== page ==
Incorporating Setting into Your Scenes

Modern readers often skip over passages of description in search of the action scenes in fiction. This, like channel-surfing, may be a sign of the shorter attention span of our times.

That’s why it’s critical to incorporate a sense of place into the scenes as you tell your story. Short story writer and novelist, Eudora Welty, is a master of creating settings that are as powerful as her characters. In her essay “Place in Fiction,” she reminds us:

Harris beach

Harris Beach, Brookings, Oregon, by Jacalyn McNamara 2014

“Location is the ground conductor of all the currents of emotion and belief and moral conviction that charge out from the story in its course. These charges need the warm hard earth underfoot, the light and lift of air, the stir and play of mood, the softening bath of atmosphere that give the likeness-to-life . . . ”

Whether you’re writing mysteries, science fiction, or literary fiction, this “likeness-to-life” makes your story real for the reader.

Writing Your Own Creed with Poet and Novelist D H Lawrence

“This is what I believe: That I am I,

That my soul is a dark forest,

That my known self will never be more than a clearing in the forest,

That gods, strange gods, come forth from the forest into the clearing of my known self, and then go back,

That I must have the courage to let them come and go,

That I will never let mankind put anything over me, but that I will always try to honor the gods in me and the gods in other men and women,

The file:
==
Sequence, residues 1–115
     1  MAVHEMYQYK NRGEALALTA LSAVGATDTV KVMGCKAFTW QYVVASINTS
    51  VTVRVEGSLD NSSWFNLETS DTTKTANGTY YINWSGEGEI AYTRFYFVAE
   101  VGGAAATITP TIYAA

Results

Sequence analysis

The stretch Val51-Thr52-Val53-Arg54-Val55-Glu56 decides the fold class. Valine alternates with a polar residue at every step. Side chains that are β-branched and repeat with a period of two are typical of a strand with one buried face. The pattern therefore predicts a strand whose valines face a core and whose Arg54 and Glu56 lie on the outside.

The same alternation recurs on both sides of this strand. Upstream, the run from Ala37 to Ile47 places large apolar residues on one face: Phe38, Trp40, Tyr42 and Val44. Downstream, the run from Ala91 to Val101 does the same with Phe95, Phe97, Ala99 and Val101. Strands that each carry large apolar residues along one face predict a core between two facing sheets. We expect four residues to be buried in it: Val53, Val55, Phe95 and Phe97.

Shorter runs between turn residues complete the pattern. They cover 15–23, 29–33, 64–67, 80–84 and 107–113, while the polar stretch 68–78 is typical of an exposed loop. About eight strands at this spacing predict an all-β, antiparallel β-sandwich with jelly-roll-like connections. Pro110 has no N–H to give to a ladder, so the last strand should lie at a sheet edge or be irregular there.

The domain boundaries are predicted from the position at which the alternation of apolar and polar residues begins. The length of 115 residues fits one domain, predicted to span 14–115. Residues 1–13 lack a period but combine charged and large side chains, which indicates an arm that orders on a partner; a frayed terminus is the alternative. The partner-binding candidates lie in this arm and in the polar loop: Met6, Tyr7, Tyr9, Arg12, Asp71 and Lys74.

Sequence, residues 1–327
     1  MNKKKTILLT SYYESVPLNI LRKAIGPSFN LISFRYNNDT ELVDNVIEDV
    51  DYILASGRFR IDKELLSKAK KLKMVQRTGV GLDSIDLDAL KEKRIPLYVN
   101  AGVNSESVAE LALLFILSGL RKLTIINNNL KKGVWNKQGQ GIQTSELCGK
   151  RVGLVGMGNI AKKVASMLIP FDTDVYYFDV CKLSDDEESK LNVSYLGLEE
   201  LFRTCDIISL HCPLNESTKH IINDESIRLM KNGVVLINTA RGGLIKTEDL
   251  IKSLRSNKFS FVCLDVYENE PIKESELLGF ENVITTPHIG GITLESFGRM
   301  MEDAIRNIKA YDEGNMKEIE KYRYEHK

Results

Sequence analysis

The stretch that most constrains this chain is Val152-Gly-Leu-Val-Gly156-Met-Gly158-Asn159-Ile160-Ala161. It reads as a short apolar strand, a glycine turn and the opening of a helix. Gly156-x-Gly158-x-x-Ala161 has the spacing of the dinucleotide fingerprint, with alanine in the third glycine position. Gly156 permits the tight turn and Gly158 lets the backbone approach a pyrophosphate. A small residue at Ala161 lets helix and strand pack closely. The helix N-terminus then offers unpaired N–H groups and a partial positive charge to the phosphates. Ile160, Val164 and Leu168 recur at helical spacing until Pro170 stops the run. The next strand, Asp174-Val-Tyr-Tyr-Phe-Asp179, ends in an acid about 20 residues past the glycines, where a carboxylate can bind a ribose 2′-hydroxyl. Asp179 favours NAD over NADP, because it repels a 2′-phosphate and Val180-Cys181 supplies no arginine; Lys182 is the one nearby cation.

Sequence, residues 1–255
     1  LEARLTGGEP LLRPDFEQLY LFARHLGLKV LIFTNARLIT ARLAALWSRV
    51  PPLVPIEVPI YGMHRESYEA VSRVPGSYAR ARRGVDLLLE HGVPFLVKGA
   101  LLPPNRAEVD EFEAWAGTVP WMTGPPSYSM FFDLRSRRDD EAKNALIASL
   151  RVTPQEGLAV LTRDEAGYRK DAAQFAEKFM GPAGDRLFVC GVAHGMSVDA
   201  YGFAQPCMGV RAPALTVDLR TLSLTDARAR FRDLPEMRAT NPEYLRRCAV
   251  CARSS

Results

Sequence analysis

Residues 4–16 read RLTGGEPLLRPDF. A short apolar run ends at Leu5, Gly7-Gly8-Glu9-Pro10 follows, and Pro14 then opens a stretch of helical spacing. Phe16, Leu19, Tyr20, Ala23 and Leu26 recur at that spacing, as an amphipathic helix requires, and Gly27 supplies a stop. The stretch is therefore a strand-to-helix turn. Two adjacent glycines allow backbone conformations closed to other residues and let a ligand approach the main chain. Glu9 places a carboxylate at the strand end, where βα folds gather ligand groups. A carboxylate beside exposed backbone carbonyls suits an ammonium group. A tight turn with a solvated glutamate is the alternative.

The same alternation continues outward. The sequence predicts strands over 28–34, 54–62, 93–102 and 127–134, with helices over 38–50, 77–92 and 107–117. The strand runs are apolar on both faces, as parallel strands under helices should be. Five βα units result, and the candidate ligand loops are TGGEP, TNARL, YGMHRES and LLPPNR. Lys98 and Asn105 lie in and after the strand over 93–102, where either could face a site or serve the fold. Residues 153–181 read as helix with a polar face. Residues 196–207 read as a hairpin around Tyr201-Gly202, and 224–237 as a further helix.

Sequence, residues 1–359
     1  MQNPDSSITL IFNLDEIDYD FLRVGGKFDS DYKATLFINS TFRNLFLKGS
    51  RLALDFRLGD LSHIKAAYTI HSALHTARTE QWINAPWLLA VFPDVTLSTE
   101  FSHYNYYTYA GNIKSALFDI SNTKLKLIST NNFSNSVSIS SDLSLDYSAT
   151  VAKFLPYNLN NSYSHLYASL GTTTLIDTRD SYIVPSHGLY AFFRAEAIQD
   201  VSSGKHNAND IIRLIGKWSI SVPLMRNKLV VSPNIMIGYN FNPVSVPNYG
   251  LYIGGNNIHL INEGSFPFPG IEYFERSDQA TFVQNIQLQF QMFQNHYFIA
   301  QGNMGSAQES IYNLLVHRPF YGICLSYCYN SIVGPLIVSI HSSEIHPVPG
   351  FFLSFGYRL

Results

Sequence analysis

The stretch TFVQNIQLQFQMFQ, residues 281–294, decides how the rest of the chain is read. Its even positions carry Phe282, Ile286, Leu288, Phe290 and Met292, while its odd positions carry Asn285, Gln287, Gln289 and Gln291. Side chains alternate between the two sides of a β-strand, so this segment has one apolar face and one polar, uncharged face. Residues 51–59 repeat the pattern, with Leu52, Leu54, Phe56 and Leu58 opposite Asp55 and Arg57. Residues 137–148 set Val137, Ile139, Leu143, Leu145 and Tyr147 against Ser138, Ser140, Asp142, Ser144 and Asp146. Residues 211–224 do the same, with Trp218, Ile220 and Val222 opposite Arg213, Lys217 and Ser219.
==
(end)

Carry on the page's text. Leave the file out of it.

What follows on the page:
There is my creed.

dark forest

                                                         Redwood Forest by Jacalyn McNamara 2014

A creed is a set of beliefs that guide your actions. Many adopt the creeds of a formal religious group or an organization to which they belong. But freethinkers must generate creeds of their own since they are originators in the world. 

What set of beliefs guides you as artist and writer? Take time to think on this and share your creed with me or on your own blog.

presence and attention

A reminder from Franz Kafka:

You do not need to leave your room.

remain sitting at your table and listen.

studio reflection

writer’s studio–inside and out                                                                                               jacalyn mcnamara 2014

Don’t even listen. Simply wait.

Don’t even wait. Be still and solitary.

The world will freely offer itself to you

to be unmasked, it has no choice.

It will roll in ecstasy at your feet.